By Andy Mortimer, Co-op Foundation Communications Manager
We’ve awarded Youth Cymru more than £150,000 in grants since 2018 to help combat youth loneliness in Wales. I caught up with Kirstie to talk about the challenges they’ve faced during lockdown and how our funding has helped.
A: Tell us about Youth Cymru.
K: We work with youth-facing organisations across Wales to help provide unique, innovative and life-changing opportunities, projects and programmes to better the lives of young people. Young people in Wales are confident and strong and we aim to empower them to fulfil their potential and contribute to building the Wales we all want.
A: How has our funding helped?
K: Co-op Foundation grants support our Reach Out programme, which works with youth organisations and individuals across Wales to educate young people about loneliness and empower them to take action. Young people join creative workshops and develop social action projects, like young parent and baby cafes, to address loneliness locally. We’ve also created a free toolkit filled with activities to help young people explore loneliness and plan their social action projects.
A: Why do you think young people are particularly affected by loneliness?
K: Modern life is busy – perhaps busier than ever – and young people have to juggle education, work and health. Sometimes there’s a lack of time or energy for socialising.
Also, some young people in Wales move away from friends and family to access work or education. This can lead to a reduction in established relationships and difficulty in creating new ones. Wales has unique geography as most people live along the south coast. With limited travel links from south to north Wales and vice versa, it can be expensive and time consuming to travel around the country.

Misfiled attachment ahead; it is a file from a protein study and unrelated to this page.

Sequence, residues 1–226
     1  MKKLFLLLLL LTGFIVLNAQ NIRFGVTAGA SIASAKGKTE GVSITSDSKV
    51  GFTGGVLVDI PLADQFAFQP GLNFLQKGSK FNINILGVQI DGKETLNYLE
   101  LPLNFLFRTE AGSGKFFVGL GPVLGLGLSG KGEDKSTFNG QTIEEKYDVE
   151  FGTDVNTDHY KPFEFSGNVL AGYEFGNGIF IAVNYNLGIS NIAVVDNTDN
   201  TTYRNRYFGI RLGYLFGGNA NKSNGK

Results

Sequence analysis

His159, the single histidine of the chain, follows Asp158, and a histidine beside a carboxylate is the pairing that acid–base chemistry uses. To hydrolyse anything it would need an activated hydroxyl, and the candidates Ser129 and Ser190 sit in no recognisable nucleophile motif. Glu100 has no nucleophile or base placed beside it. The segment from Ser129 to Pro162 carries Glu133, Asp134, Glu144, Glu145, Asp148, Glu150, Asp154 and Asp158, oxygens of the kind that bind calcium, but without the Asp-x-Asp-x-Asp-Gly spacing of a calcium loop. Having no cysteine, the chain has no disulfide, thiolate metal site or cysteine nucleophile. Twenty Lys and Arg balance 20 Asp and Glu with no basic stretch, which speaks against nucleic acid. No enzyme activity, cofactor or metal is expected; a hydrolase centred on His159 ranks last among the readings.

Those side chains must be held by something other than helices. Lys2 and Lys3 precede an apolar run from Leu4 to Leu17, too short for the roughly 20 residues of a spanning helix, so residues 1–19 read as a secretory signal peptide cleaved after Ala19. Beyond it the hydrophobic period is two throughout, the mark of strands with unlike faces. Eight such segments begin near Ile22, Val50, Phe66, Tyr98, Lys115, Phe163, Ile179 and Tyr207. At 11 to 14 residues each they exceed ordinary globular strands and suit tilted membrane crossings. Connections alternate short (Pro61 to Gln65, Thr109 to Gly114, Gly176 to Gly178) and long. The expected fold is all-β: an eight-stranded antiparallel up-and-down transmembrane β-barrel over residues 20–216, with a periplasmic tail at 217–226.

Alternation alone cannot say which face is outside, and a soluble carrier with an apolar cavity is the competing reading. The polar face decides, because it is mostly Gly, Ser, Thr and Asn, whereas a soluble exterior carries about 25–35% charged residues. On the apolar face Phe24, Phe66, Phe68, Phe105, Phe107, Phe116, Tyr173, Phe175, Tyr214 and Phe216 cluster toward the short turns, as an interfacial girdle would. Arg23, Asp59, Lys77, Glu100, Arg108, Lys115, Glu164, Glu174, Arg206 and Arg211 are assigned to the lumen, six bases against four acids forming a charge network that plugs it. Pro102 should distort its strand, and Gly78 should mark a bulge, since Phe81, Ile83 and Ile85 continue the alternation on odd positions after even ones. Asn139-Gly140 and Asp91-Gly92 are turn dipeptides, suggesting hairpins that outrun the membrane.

A: What’s been the impact of lockdown?
K: Since lockdown, the majority of young people have been unable to go to school, college or university, meaning they’ve had less face-to-face interactions outside their household. Some have even been stuck in university accommodation and have been unable to return home due to a lack of public transport. Levels of ‘screen time’ have also risen for us all and young people have told us that they don’t feel safe on some online spaces.
A: What has Youth Cymru done to tackle this?
K: Our initial response was to reach out to all our hubs across Wales to see how people were coping and find out if we could help in any way. I also joined other Wales-based youth workers to create #AskAYouthWorker, where everyday a youth worker is available on social media to listen to and support young people. But we wanted to do more and young people told us they wanted a safe space where they could meet up with others, have a laugh and feel supported. This is where Project Hope came from.
A: What’s Project Hope all about?
K: Project Hope was set up by Youth Cymru’s Llais Ifanc (Youth Voice) member Naomi. The group is supported by Reach Out to run sessions three times a week via Zoom covering wellbeing, skills and more informal fun. It’s open for anyone in the UK and, between meetings, young people create and post challenges, artwork and wellbeing tips on the project’s social media accounts.
A: What have you learned?
K: It’s OK to adapt and change as needs change. The vision of the group has developed and that’s OK, too. The project can be whatever the young people want and need it to be and it can flex and grow as the group does. Young people have gained friendships, confidence and ownership skills as a result.
A: What advice would you give to other youth organisations during lockdown?
K: Talk to young people and make sure they’re part of every stage of the project, from development to delivery. One of the reasons this project has taken off so well is due to the hard work and enthusiasm the young people have put in. They know what kind of sessions they would like to attend and what would attract them to them – so use that knowledge!
A: What have the young people taught you?
K: Personally, I’ve learnt how strong young people are. Under unknowns and external stresses the group has come together to create a fantastic project. Due to their enthusiasm and hard work the project has grown, now reaching young people from across the world.
Co-op Foundation’s Lonely Not Alone campaign to de-stigmatise youth loneliness and help young people feel less alone is running for the second time this year. Find out more via Twitter and lonelynotalone.org.